Random Quote: Dinaw Mengestu on writing when tired

I found this great item: 5 writing tips by Dinaw Mengestu in Publishers Weekly. Mengestu is the author of ALL OUR NAMES and has a host of honors and awards.

This is from Tip #4 about growing “less precious” about conditions under which writing happens.

Steal time from the crowded world even if it’s only a few minutes, or a blessed hour. Take being tired and emotionally exhausted as an excuse to take excessive liberties with language, with your imagination.

I am often tired and emotionally exhausted. How wonderful, instead of always bemoaning this fact, to think of it as liberating.

James Salter on finding the best word possible

James Salter, who died last week at 90, was known for his wonderfully precise prose style.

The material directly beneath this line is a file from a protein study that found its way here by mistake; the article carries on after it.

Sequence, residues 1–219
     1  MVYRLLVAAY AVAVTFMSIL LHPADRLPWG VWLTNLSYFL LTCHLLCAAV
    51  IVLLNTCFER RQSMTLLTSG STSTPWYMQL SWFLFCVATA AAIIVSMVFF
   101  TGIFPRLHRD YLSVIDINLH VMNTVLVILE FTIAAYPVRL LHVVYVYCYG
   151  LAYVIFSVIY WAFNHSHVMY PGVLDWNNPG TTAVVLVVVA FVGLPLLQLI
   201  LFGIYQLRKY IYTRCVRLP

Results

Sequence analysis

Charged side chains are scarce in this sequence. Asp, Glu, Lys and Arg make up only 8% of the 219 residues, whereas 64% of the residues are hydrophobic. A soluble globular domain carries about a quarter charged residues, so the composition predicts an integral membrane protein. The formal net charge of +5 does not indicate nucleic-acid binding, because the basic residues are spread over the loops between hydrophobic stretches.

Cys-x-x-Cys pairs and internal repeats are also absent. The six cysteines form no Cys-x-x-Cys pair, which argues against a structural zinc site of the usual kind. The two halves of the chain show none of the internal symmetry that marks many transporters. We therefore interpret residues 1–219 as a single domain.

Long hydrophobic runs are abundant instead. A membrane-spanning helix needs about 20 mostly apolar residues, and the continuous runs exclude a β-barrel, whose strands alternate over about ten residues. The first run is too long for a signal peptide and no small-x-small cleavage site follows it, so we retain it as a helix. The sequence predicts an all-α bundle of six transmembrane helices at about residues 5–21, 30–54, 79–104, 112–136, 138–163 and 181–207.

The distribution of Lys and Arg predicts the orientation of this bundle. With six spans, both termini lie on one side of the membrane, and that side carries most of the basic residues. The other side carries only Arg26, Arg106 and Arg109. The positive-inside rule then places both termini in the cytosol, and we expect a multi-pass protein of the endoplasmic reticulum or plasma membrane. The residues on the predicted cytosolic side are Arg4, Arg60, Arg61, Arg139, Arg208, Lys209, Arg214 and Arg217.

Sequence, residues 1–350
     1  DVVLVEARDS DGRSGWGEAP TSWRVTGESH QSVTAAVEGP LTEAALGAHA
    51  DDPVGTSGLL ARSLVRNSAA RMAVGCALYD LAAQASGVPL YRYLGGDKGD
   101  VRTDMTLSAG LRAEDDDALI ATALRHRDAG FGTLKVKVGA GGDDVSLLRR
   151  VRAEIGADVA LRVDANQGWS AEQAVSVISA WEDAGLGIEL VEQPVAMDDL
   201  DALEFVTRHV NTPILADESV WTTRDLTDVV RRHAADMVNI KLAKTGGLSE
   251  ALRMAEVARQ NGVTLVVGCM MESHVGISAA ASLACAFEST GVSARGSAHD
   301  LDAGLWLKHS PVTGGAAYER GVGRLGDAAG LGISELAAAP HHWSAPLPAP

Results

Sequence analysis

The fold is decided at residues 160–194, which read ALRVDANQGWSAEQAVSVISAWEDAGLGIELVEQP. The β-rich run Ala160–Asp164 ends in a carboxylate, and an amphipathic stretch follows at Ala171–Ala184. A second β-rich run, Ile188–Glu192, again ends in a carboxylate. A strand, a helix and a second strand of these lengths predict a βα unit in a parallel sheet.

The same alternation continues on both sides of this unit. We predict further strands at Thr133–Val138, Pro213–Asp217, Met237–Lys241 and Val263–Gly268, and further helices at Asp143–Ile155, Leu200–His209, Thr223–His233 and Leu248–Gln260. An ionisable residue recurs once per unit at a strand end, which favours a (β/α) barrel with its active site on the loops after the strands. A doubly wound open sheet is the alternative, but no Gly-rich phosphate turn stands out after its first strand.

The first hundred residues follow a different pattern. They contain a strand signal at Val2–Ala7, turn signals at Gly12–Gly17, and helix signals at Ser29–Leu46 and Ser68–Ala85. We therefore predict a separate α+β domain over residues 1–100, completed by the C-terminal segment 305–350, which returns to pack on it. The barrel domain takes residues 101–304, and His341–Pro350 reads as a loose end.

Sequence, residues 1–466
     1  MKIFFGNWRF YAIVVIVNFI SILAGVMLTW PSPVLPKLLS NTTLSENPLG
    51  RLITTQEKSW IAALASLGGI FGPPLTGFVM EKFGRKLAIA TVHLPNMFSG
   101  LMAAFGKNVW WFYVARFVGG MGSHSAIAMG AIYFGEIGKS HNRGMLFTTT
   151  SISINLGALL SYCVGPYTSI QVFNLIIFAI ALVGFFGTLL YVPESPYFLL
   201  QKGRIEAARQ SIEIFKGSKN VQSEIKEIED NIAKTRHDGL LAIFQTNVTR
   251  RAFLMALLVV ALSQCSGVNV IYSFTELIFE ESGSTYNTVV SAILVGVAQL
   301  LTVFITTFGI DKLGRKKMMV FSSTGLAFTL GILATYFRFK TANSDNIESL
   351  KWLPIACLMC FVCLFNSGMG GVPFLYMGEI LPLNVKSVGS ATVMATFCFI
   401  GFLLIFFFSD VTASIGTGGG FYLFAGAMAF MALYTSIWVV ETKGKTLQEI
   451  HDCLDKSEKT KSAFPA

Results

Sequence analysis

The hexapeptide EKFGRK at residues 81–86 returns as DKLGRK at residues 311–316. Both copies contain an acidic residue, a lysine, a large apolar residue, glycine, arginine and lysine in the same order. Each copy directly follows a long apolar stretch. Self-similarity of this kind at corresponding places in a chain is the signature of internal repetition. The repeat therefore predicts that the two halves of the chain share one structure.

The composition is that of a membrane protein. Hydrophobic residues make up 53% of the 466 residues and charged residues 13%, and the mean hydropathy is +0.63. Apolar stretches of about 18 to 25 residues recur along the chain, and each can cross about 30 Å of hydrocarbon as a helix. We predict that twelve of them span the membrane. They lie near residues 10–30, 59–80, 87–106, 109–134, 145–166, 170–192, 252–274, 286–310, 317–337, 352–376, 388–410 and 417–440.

Here is a memorable quote from a Paris Review interview with him:

I’m a frotteur, someone who likes to rub words in his hand, to turn them around and feel them, to wonder if that really is the best word possible. Does that word in this sentence have any electric potential? Does it do anything? Too much electricity will make your reader’s hair frizzy. There’s a question of pacing. You want short sentences and long sentences—well, every writer knows that. You have to develop a certain ease of delivery and make your writing agreeable to read.

You can read the rest of the interview here at the Paris Review. My only warning is that it is full of elegant, thoughtful expression, and glimpses into an entirely enviable writing life. After encountering it, I took several hours to go back to my work, which I felt was entirely frizzy-haired and unagreeable. Such are the hazards of reading author interviews!